Estate Planning for your Digital Assets

When Michael was several years into his retirement, he felt that his estate plan was well up to date. He had addressed so many tangible assets in his life in that plan, from his home to his cars to a small but valuable art collection he and his wife had accumulated. Unfortunately, while the “physical” part of his estate plan was taken care of, Michael had neglected his digital estate planning. Specifically, he failed to address all the aspects of his digital life in that plan that were important – including all of his online accounts. So, once he passed away, he’d left behind quite the puzzle for his family to sift though and trace the answers to, which was the last thing they wanted to do in the midst of their grief.

How can your family prevent the same type of outcome?

Remember that digital assets need to be planned for in much the same way as the rest of your assets, so don’t marginalize them. Digital assets are easy to forget about because they become so ubiquitous to our daily life. Think about it – in a normal day, you’re on email, your smartphone, social media channels and using various web services. You’re also streaming entertainment services through music and television. Still, although it’s easy to not be conscious of it as you go about your routine, it doesn’t mean that it’s not something that needs to be addressed.

In an estate planning situation, you can decide to what degree that you’d like to inventory all of your digital assets, but one strategy is to have a list of service providers. It doesn’t mean including every account number or detail within that list, but by providing a list of banks, brokerages, advisors, and key online accounts, it will not be a complete mystery for whoever steps in later on.

What are digital assets?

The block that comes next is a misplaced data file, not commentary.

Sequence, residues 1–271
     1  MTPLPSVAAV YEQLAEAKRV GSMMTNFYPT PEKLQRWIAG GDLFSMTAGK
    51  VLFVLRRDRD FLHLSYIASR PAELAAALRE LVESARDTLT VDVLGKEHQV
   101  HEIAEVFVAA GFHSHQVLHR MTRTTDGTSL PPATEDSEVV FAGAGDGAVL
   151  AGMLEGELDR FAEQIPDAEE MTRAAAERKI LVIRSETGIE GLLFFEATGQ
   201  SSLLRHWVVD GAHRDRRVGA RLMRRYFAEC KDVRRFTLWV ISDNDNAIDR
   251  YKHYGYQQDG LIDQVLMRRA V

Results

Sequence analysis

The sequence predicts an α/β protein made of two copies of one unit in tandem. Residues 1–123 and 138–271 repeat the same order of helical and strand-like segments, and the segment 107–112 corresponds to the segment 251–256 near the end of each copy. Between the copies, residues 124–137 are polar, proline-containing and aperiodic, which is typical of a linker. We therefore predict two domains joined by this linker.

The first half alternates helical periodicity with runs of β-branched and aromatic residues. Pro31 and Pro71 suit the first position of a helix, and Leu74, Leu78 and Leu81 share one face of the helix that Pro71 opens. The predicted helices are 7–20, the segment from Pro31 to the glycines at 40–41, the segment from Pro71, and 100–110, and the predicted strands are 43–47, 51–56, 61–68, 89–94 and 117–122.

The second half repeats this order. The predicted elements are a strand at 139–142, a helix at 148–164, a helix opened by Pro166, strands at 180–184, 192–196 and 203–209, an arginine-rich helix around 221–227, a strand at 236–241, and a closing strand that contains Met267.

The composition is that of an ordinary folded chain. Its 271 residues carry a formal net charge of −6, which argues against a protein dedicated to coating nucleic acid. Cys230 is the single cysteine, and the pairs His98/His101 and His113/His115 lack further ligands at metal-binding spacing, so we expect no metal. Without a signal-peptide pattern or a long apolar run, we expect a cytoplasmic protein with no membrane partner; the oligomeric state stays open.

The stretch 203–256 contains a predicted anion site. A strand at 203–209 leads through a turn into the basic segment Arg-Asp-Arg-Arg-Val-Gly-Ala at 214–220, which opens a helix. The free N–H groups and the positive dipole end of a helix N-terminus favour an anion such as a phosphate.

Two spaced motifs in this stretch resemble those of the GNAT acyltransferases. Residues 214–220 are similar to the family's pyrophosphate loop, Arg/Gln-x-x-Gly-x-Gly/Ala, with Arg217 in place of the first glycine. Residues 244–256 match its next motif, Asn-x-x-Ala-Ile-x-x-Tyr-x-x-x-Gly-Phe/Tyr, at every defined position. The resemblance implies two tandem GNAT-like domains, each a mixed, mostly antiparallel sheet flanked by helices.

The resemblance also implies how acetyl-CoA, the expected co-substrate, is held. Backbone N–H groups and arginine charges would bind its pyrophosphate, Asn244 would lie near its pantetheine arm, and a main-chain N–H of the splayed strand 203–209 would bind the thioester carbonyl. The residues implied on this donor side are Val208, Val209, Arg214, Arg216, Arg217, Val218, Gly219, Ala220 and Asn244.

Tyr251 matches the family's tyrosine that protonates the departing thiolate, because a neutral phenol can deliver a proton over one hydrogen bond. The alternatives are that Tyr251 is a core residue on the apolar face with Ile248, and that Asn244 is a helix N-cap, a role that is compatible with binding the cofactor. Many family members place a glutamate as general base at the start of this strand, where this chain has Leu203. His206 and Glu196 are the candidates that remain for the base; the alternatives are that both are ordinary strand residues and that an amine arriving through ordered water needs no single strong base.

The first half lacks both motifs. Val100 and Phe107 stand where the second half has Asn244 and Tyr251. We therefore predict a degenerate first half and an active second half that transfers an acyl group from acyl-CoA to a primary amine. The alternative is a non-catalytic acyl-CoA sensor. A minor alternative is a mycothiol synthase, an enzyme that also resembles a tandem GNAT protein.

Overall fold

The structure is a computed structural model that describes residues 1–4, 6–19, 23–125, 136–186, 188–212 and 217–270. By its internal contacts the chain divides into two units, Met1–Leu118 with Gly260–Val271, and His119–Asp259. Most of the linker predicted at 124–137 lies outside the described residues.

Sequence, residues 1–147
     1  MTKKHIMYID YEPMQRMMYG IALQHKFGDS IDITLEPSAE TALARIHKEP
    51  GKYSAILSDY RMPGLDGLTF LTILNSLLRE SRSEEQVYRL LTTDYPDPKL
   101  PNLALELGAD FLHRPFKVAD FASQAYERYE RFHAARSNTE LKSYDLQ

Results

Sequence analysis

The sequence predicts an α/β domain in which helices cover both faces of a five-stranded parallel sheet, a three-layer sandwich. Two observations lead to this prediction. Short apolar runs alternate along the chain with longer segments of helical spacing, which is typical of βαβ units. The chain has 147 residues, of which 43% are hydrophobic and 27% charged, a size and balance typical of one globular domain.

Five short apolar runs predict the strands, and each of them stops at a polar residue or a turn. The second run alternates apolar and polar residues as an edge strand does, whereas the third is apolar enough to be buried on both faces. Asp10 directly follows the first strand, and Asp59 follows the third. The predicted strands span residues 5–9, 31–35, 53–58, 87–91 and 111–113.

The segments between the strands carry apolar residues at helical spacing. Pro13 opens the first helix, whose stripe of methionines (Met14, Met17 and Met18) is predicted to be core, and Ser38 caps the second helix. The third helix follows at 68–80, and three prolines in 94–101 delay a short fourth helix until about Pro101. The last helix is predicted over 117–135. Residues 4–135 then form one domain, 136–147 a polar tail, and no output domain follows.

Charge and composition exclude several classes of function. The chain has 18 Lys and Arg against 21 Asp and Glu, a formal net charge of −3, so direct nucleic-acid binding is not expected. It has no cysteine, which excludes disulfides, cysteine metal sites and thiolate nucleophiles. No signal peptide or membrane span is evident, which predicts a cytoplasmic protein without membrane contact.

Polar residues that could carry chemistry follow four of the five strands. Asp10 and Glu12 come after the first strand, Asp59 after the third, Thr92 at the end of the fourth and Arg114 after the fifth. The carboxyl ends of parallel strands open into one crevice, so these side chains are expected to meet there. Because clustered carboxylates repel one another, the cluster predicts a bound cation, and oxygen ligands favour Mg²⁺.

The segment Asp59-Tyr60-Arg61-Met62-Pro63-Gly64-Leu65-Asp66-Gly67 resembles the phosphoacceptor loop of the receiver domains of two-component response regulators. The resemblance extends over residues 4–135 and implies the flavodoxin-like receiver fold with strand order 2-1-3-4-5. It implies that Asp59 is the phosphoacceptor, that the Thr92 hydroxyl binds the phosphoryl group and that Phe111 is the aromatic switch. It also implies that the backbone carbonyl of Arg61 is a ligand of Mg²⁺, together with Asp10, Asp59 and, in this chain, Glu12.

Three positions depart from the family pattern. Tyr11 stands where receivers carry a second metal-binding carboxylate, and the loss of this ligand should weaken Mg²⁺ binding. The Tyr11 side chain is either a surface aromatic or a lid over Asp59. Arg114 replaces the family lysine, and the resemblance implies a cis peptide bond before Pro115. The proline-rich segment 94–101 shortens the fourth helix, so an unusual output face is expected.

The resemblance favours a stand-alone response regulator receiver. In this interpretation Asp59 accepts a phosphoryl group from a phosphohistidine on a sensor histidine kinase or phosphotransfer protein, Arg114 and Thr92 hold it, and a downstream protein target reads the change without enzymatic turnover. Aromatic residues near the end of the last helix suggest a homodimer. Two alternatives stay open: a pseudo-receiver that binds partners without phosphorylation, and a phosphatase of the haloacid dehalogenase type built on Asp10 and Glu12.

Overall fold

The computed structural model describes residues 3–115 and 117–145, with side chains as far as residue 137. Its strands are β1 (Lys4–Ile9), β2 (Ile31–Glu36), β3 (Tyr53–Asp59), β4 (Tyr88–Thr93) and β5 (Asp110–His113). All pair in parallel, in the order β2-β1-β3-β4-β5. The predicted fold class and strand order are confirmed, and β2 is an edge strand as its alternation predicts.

And what needs to happen to ensure that this area of your life is as well covered as your tangible assets? Digital assets may include a range of things held electronically, from financial accounts, to files, photographs, social media, subscriptions, and on and on.

Financial Accounts
These can include:
– Bank accounts, such as checking, savings, certificates of deposit, etc.
– Brokerage accounts
– Retirement accounts

If you aren’t getting statements from these accounts through the mail and instead have set them up as paperless statements to be accessed online, some of these electronic communications take on a higher priority of your focus. An agent acting under a power of attorney needs to know what accounts exist, which bills need to be paid, and how to pay them. Similarly, an executor needs to be able to identify where assets are located, including where accounts are held.

Cloud Storage
Dropbox, Box, Google Drive, iCloud and other kinds of cloud services are vital because they may serve as a place where you currently store records, photos, documents, music and other types of files.

Business Records
Do you own a business and have a place where business records are stored? If you envision someone stepping in to take over your role or you’re trying to sell the business, having access to those business records may be very important.

Social Media
There are far too many social media services and platforms to mention, but to the extent that you have photos, subscriptions, etc., it’s smart to have a conversation now about these assets from your “digital estate” through our planning process.

Online Payment Systems
In the last several years, there has been a proliferation of online payment systems and applications in which people can exchange money back and forth, such as PayPal. There may be money sitting in those kinds of accounts, which would become part of the estate.

Yes, that Hulu, Netflix or Amazon Prime subscription is going to be important for someone stepping in, either to maintain or deactivate. So keep track of any active ones you may currently have.

With passwords, one has to be mindful of security risks should they fall into the wrong hands. As an alternate to writing passwords down, there are online password services that will allow you to set up access for a family member or an agent to use in case of an emergency. This is a way to expediently handle the proliferation of accounts and passwords, without compromising the security of the underlying accounts.